A perfect pair of Chelsea houses
Words by Leo Russell
Telling the fascinating history of two neighbouring houses on Cheyne Row
The terrace on the eastern side of Cheyne Row contains some of the oldest houses in Chelsea. Each one has a unique history, but two of the most interesting can be found together: Nos. 22 and 24.
These properties were built in 1708, during the reign of Queen Anne. Many of the architectural features we associate with the Georgian Era were first used in this period, such as the classical proportions and large sash windows, which later became typical of eighteenth-century terraces.
The Home Of Thomas Carlyle
No.22 was once the home of Thomas Carlyle, believed by many Victorians to be the greatest writer of the era. Born in Scotland and educated in Edinburgh, after beginning his career as a novelist and translator, he found fame as a writer of popular history.
At the age of 38, Carlyle and his wife Jane moved to London, remaining on Cheyne Row for the rest of their lives. Chelsea was the centre of the city’s literary and artistic activity, and the couple’s weekly salons drew many of the most famous cultural figures of the age, including George Eliot and Lord Tennyson.
Life After The Carlyles
After the Carlyles died, friends and supporters bought the house to preserve it as a museum. Today, the property belongs to the National Trust and gives visitors a glimpse of a typical middle-class Victorian home. Four storeys tall with an attic extension, its rooms are decorated in dark furniture, while the staircase and front hall are lined in wood.
On the lowest floor is a simple kitchen where their only servant also lived. On the top floor is the study built by Thomas Carlyle to escape the noise of the street below. Thanks to an overhead skylight, this is the lightest room in the house, and here he would work each day on his celebrated histories and essays.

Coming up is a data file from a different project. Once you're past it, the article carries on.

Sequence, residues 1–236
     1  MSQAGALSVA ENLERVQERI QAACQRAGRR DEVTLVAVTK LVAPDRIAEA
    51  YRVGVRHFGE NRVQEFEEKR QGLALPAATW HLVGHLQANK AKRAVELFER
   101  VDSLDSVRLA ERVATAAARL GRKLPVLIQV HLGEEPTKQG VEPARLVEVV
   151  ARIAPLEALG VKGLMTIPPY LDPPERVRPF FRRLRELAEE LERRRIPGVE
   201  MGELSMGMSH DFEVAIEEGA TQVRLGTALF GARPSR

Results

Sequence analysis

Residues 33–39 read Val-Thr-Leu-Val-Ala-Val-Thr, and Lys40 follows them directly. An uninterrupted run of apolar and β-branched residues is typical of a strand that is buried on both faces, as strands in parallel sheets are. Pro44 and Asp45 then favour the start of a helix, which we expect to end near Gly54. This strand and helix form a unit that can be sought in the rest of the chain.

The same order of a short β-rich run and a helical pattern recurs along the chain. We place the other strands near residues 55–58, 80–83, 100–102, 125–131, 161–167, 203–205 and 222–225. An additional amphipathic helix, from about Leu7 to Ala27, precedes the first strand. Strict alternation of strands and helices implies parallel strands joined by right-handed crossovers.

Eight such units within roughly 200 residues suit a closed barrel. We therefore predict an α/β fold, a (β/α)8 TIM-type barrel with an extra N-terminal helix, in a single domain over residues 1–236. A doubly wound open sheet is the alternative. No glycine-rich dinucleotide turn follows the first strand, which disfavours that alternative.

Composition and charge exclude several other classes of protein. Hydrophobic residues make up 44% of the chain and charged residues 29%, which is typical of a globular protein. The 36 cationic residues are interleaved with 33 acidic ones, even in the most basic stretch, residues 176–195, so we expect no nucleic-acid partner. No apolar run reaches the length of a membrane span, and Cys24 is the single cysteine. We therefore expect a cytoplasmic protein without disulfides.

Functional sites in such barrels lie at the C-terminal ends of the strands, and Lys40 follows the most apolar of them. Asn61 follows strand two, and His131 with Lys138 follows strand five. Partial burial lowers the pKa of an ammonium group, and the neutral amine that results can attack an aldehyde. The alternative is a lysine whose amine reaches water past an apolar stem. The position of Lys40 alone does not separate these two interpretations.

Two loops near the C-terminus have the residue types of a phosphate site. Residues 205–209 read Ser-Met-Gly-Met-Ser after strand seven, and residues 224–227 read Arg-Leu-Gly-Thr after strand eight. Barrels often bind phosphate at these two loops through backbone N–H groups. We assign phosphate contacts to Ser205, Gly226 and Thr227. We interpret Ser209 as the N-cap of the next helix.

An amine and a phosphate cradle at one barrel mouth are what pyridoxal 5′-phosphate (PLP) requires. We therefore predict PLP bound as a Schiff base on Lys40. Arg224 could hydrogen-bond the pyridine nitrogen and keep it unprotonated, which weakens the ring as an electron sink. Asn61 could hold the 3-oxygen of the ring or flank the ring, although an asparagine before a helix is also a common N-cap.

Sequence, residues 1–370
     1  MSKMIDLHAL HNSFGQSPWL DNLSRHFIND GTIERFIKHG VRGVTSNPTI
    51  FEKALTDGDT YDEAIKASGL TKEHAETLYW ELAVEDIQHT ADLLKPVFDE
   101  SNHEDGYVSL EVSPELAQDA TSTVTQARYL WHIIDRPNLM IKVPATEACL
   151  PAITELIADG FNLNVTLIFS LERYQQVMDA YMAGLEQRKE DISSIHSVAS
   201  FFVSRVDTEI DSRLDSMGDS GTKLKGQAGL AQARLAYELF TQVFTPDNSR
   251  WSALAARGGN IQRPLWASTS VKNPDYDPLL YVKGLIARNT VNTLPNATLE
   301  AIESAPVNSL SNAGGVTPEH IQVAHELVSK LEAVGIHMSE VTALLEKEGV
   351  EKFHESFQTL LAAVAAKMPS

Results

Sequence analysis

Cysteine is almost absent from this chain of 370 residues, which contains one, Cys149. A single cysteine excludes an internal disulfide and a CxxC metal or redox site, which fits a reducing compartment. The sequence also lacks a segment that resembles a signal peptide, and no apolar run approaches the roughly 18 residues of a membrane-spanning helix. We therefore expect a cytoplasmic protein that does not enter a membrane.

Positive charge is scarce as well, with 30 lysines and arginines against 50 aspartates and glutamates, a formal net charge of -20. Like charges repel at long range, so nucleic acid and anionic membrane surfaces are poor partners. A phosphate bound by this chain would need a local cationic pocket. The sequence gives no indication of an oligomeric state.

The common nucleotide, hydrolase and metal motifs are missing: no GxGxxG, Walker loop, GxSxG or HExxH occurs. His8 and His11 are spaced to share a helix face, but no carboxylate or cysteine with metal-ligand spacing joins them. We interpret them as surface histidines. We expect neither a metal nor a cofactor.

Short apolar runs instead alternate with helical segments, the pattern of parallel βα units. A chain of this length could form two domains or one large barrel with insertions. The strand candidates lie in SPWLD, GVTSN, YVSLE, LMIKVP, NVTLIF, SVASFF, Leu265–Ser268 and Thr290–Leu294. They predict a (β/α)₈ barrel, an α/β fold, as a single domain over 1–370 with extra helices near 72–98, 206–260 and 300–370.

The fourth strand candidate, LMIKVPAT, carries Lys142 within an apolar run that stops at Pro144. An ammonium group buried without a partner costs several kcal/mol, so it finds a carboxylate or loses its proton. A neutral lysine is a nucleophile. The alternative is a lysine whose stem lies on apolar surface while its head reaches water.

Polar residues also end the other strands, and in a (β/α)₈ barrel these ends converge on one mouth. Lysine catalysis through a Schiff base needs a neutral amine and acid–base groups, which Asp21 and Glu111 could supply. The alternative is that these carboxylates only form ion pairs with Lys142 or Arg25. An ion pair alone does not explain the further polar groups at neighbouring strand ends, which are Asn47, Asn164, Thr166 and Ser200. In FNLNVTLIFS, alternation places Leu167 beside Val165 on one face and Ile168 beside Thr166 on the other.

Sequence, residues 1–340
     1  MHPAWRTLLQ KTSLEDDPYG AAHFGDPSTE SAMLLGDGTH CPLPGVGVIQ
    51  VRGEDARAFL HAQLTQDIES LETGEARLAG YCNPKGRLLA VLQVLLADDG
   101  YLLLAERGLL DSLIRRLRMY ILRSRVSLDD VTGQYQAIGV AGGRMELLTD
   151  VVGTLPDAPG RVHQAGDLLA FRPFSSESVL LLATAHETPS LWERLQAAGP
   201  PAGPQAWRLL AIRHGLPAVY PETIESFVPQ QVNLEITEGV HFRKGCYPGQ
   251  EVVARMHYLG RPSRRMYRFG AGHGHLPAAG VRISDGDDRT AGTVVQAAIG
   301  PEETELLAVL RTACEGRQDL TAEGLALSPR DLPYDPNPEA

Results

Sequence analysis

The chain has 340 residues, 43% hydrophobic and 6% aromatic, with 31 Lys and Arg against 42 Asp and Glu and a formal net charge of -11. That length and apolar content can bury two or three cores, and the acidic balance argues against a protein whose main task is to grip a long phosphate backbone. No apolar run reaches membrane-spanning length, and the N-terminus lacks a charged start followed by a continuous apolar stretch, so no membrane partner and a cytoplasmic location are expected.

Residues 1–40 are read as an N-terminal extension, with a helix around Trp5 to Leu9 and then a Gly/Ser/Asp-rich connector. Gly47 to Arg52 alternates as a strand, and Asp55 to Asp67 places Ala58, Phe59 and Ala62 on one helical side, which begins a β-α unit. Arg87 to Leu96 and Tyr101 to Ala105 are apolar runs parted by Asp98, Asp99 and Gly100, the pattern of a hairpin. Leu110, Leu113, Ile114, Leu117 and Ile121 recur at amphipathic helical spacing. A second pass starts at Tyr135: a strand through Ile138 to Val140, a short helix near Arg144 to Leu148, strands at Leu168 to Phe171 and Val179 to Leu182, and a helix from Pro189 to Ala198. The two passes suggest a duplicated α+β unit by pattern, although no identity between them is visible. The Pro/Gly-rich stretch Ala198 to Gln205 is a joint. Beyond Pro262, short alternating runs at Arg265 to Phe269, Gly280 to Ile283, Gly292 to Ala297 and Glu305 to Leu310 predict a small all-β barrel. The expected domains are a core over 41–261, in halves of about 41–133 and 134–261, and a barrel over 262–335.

The Contrast of 22 & 24
The dim Victorian interiors of the museum provide a strong contrast with No.22, its next-door neighbour. You can guess the difference from the outside, as one house has plain window dressings and exposed brickwork, while the other has a white stucco base, painted window dressings, and a small porch projecting from the front door. In addition, the first-floor windows are unusually long, while the second floor has a fourth window installed.
That contrast continues inside in No.22, where the walls are painted pale colours and the rooms brightly furnished to give a sense of space and light. But the property has it own unique details too: one of the half-landings contains a narrow cupboard that would have housed a sword, while the top floor contains a small passageway and door which originally led to the houseboy’s bedroom.
No.22 has also been home to several distinguished residents. One of the earliest was Richard Mead, a respected doctor who not only attended Queen Anne on her deathbed, but was also appointed physician to George II. Later it became home to the second Earl Grey, who as Prime Minister oversaw the Great Reform Act of 1832 and the abolition of slavery in the British Empire in 1833. Today, of course, he is best remembered from the bergamot-flavoured black tea that bears his name.
More recently, No.22 was home to members of the Berry family, owners of the oldest wine merchants in Britain. Berry Brothers & Rudd is famous for providing wine to the royal family, and Sonia Berry, who lived in this house, was a childhood friend of Queen Elizabeth. The Queen would often come here for afternoon tea, with a policeman posted outside the front door, keeping guard until she was gone.
Whether it’s the large wine cellar beneath the garden, or the portrait of Richard Mead hanging on the half-landing, the history of No.22 is present in the house to this day. And, though the Carlyle’s home is now a museum, No.22 remains a private property, which means that history can keep being written.
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